Share your observations of the human/vole skeleton comparison with a partner.
Based on your observations, predict the similarities and differences between human/ vole bones and the bones of a bird.
Will the bird's bones be similar or different? Write your hypothesis with an explanation.
Compare the human and vole skeleton to the bird's skeleton.
Record your observations.
To the right is the skeleton of the bird.
Task #4: Dig in to your owl pellet!!!!
Most of the bones that you see will be rodent bones. If you are lucky, you may find some bird bones. You will need 2 paper plates and a teasing needle or a toothpick, an owl pellet and a baggie to store the bones overnight.
Carefully pull the pellet apart with your hands.
Separate the bones from the fur with the teasing needle. Set the bones on one plate and fur on the other plate.femur,humerus, scapula, ribs, vertebrae and more...
Use the diagram of the rodent and bird skeleton to identify the bones. Look carefully for the tibia, fibula,
Sketch each type of bone found and label it. Tally the number of each bone that you have.
Create a bar graph (such as the one below) representing the number of each bone found in the owl pellet. Click on the words "bar graph." Print the graph and shade up to the correct number representing the amount of each bone found.
Task #5: Click here to do some really fun extension activities:
Take a tour of the skeletal system. Challenge yourself to build a skeleton and learn about some other systems of the body.
Watch a movie about the skeletal system and take a quiz.
Play some bone games.
Visit Mr. Bones.
Create a word search or crossword puzzle with some of the new terms you learned.
Visit the Yuckiest Site on the Internet to explore gross body sounds and the yuckiest body parts.
Learn more about owls.
Created August 16, 2001
Last Revised August 16, 2001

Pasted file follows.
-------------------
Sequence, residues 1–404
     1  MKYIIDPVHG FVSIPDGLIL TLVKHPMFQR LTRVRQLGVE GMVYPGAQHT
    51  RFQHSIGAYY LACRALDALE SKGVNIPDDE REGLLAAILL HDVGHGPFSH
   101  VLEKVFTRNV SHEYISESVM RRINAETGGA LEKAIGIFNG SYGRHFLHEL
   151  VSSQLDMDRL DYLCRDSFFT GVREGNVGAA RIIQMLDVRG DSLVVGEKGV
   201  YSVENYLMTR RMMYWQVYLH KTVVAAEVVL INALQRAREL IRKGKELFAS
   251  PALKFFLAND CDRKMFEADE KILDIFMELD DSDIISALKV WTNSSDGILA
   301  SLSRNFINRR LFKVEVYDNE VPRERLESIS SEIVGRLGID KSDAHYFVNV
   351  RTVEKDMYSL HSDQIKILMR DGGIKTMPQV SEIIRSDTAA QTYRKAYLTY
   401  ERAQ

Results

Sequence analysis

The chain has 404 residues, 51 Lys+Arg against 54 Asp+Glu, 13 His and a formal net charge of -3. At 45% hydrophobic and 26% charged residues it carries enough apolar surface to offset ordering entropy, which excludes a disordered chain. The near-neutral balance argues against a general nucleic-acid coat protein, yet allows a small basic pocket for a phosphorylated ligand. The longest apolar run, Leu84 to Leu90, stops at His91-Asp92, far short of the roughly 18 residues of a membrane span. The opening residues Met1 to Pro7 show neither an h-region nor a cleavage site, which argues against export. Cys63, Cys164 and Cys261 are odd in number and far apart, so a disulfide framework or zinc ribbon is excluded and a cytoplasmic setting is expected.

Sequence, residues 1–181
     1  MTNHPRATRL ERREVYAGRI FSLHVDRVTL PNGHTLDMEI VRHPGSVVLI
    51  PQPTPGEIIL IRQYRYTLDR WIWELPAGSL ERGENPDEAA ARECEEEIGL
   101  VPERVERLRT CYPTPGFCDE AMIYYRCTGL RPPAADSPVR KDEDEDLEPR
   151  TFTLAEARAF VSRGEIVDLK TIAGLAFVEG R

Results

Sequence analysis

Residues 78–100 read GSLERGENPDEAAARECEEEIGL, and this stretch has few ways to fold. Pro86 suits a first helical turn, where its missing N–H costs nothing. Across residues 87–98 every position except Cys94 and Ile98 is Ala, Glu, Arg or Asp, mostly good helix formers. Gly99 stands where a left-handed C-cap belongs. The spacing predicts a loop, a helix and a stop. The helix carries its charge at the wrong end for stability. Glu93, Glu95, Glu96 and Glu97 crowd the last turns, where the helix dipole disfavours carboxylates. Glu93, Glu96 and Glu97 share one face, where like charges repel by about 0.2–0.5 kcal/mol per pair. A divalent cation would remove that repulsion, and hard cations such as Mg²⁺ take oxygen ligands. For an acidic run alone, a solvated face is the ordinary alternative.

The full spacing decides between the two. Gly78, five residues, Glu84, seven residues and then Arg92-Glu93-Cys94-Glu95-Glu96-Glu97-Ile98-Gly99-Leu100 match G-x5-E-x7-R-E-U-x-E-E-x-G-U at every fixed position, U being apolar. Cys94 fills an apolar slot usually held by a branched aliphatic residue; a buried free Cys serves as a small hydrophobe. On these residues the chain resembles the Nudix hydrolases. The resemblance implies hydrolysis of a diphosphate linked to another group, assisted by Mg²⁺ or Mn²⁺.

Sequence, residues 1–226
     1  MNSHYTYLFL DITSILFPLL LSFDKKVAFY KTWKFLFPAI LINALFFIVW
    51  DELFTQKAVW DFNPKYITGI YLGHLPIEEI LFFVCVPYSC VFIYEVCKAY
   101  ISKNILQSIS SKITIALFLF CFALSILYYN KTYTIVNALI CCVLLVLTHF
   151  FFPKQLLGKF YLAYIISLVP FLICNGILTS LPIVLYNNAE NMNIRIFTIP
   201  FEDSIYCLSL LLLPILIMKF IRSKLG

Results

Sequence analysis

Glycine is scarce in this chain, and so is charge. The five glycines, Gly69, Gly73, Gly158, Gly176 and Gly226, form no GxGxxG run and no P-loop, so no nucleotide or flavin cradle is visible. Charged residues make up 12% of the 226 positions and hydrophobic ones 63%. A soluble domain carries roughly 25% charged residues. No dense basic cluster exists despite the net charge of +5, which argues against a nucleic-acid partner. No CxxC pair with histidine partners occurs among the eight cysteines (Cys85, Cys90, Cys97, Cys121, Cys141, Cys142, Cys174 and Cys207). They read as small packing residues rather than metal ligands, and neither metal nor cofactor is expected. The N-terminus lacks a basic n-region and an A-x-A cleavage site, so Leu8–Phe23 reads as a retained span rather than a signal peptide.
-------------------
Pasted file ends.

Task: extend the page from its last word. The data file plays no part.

Suggested Grade Level: 7
Science Content Standards:
Grade 7-Life Sciences- 5c How bones and muscles work together to provide a structural framework for movement.
Grade 7-Investigation and Experimentation-
7b Utilize a variety of print and electronic resources (including the World Wide Web) to collect information as evidence as part of a research project.
7c Communicate the logical connection among hypothesis, science concepts, tests conducted, data collected, and conclusions drawn from the scientific evidence.
7e Communicate the steps and results from an investigation in written reports and verbal presentations.
S.C.O.R.E. Lessons Standards Search by Grade and Subject
S.C.O.R.E. Standards and Framework
California Content Standards Grades K-12
California Content Standards Grades K-12 - Science - PDF Format
Students need a basic background in using the Internet.
Interpreting data, making inferences, forming hypotheses, making predictions, graphing.
Effective use of Internet resources.
Skeleton notes, skeleton worksheet (labeling bones), quiz in The Bone Zone, journal with hypotheses and comparisons of human, vole, bird bones.
Presentations -PowerPoint or Hyperstudio, student created web page, group research project
Hang a Halloween skeleton in the room to help the students learn the bones. Play a bone bee(ie: spelling bee) or around the world as the students name the bones that you point to.
Reconstruct a skeleton from the bones found in the pellet.
Extended research on the skeletal system or owls.
Discussion of the food web in connection to the owl pellets.
Peer teach the information to a younger class. (Owl pellets matches the 4th grade CA Content Standards)
Presentations -PowerPoint or Hyperstudio, student created web page.
Gander's Academy, Owl Pellets www.stemnet.nf.ca/CITE/owls.htm Offers an abundance of information on owls and a dichotomous key to identify skulls found in the pellets.
Software: CD-ROM Owl Pellets: Studying Barn Owls and Other Predators White Owl Enterprises, PO Box 806, Winona, MS 38967